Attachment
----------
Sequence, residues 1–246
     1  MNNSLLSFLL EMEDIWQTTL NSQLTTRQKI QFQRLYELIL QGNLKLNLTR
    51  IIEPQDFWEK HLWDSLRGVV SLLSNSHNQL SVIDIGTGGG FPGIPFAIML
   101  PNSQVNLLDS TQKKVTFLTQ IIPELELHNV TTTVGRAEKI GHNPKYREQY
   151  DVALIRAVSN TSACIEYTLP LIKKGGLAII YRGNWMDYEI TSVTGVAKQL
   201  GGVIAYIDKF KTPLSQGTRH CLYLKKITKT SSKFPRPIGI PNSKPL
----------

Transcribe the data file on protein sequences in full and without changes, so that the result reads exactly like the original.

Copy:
Sequence, residues 1–246
     1  MNNSLLSFLL EMEDIWQTTL NSQLTTRQKI QFQRLYELIL QGNLKLNLTR
    51  IIEPQDFWEK HLWDSLRGVV SLLSNSHNQL SVIDIGTGGG FPGIPFAIML
   101  PNSQVNLLDS TQKKVTFLTQ IIPELELHNV TTTVGRAEKI GHNPKYREQY
   151  DVALIRAVSN TSACIEYTLP LIKKGGLAII YRGNWMDYEI TSVTGVAKQL
   201  GGVIAYIDKF KTPLSQGTRH CLYLKKITKT SSKFPRPIGI PNSKPL